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List of superstitions in India

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Title: List of superstitions in India  
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List of superstitions in India

The following are the common superstitions of India.


Contents

  • Astrology 1
  • Animals 2
  • Luck and auspiciousness 3
  • Ghosts and other supernatural beings 4
  • Witchcraft 5
  • Sexuality and reproduction 6
  • See also 7
  • References 8
  • Further reading 9

Astrology

  • Rahukaalam (or Rahu kala) is an inauspicious period of time every day.[1]
  • A person born under the influence of Mars is called a manglik or having Mangal Dosha. People avoid marrying such a person, especially if the person is a woman. Marriage with such a person is believed to cause marital discord and divorce, even sometimes death. However, it is believed that if two mangliks marry, the effects of both cancel out.[2][3]

Animals

  • It is believed that snakes can drink milk. During the festival of Nag Panchami, snakes are captured and force-fed milk. As a result, several thousand snakes die annually.[4][5]
  • To see a peacock before a journey is considered auspicious.[6]
  • People believe that lizards are poisonous while in fact they have no poison.
  • If a lizard falls on body, people take a bath.
  • In some parts it is believed that if 3 lizards come towards you, it is sign of marriage but if 4 or more lizards come towards you, it is a sign of upcoming death.[7]
  • If a black cat crosses your way, it is treated to be very bad day. It may harm your work, health and wealth.[8]

Luck and auspiciousness

  • Adding one rupee to a gift sum is auspicious, i.e., sums like 21 or 101 rupees are considered more auspicious than say 20 or 100.[9][10]
  • There are several methods of warding of an "evil eye". Lemon-and-chilli totems are a common method.[11] Mothers put kohl on their babies' face, to ward off evil eye, by making it imperfect.[12]
  • In some parts of India, it is considered inauspicious to sweep the floor at night.[13]
  • Widows are considered inauspicious in many parts of India.[14]
  • Saturdays are considered very inauspicious, as it is associated with the god Shani (Saturn).[15]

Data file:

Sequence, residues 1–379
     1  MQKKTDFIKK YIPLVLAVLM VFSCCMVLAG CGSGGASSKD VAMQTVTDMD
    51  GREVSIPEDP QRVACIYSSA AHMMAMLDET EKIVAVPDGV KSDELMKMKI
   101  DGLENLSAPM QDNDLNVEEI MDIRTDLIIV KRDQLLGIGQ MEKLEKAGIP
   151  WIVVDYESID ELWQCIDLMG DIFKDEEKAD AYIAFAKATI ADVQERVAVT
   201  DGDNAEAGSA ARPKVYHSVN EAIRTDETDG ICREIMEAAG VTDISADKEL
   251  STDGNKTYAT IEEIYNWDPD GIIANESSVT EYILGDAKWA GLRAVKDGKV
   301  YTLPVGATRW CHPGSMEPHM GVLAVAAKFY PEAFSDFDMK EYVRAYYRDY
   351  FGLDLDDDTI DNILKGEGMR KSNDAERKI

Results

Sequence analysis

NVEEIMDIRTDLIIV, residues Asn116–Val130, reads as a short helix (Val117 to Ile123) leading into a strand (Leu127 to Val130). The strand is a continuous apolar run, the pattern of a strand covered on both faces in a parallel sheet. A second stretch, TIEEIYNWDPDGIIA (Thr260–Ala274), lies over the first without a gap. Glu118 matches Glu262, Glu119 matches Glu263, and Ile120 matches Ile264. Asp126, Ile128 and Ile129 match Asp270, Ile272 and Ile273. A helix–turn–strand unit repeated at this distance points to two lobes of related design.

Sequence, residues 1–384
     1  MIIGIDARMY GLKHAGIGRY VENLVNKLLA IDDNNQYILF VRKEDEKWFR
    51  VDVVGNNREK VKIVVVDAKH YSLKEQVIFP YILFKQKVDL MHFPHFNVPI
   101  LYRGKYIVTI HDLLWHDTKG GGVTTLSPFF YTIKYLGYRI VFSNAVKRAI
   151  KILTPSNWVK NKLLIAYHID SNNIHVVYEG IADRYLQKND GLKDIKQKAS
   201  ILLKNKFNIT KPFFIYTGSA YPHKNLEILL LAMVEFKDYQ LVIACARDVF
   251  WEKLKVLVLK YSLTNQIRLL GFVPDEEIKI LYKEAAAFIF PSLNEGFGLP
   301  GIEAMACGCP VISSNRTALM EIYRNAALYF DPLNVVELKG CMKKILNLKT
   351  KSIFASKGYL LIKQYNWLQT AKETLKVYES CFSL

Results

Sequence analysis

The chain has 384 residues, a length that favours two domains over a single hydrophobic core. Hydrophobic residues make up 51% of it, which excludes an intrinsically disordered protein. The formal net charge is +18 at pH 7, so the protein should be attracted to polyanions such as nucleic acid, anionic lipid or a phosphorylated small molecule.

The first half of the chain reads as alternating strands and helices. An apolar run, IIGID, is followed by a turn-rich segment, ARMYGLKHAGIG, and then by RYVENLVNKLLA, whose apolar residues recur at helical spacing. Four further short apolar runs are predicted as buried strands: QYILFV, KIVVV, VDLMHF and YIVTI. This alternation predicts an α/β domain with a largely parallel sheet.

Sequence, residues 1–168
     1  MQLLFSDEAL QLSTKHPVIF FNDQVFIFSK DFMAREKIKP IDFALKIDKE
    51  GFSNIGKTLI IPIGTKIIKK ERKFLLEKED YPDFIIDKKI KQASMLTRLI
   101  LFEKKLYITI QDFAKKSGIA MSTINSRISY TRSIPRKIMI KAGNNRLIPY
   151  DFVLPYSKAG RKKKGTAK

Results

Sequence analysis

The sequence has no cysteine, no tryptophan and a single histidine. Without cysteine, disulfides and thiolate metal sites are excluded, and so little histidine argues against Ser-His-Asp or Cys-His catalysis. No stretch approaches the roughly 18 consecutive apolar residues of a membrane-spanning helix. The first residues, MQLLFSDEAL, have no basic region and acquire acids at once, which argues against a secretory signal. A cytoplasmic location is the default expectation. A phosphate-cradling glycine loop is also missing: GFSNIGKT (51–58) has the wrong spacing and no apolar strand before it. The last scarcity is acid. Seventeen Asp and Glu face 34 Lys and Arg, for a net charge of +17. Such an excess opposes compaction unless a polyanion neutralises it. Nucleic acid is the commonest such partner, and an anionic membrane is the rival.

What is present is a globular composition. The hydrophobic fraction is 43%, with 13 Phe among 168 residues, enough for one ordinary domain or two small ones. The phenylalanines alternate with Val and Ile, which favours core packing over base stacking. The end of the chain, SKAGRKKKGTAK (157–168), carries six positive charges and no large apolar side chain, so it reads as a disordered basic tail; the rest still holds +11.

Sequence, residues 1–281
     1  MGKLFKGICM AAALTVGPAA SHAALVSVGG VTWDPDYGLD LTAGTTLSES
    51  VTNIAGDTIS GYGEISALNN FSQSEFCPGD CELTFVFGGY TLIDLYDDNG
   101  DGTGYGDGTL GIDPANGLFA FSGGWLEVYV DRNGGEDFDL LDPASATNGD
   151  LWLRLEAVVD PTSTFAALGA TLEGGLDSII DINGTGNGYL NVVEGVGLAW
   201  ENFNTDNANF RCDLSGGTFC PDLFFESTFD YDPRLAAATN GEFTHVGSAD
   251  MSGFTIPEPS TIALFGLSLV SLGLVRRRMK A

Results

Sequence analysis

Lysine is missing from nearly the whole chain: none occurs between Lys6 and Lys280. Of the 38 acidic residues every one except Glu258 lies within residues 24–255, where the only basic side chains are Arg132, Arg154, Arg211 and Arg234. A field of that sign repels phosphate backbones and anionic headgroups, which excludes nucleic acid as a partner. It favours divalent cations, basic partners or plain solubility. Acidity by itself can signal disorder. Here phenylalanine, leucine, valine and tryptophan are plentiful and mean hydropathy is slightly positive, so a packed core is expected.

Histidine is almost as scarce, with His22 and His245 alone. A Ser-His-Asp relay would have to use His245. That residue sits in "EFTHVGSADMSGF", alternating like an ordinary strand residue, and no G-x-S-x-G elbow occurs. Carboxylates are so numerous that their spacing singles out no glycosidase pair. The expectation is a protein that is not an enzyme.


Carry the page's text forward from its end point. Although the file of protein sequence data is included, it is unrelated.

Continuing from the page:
• It is believed that looking in a broken mirror may bring bad luck.[16]
  • People don't have a shave, haircut or cut their nails on Tuesday, Thursday or Saturday believing that it is bad luck.[17]
  • Plucking flowers or leaves at night is considered bad luck.

Ghosts and other supernatural beings

  • Peepul trees are believed to be the abode of ghosts and they are avoided at night.[18] Banyan trees are also believed to be inhabited by malevolent spirits.[19]

Witchcraft

  • Belief in witches is common in some parts of India. Witches are believed to capable of killing cattle and humans, destroying crops and causing illness. Witch-hunts have been known to happen.[21]
  • In parts of Jharkhand, it is believed that if the name of a witch is written on a branch of a Sal tree, the branch would wither away.[21]

Sexuality and reproduction

  • Dhat syndrome is culture bound syndrome where the sufferer believes he is losing dhat or semen in urine.[24]

See also

References

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  21. ^ a b
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  24. ^

Further reading

  • Abbott, John (1932). The Keys of Power: A Study of Indian Ritual and Belief. Taylor & Francis. 560 pages.
  • Oman, John Campbell (1908). Cults, Customs and Superstitions of India.
  • Russell, R.V. (1916). The Tribes and Castes of the Central Provinces of India (four vols.). London.
  • Thurston, Edgar, C.I.E. (1912). Omens and Superstitions of Southern India.
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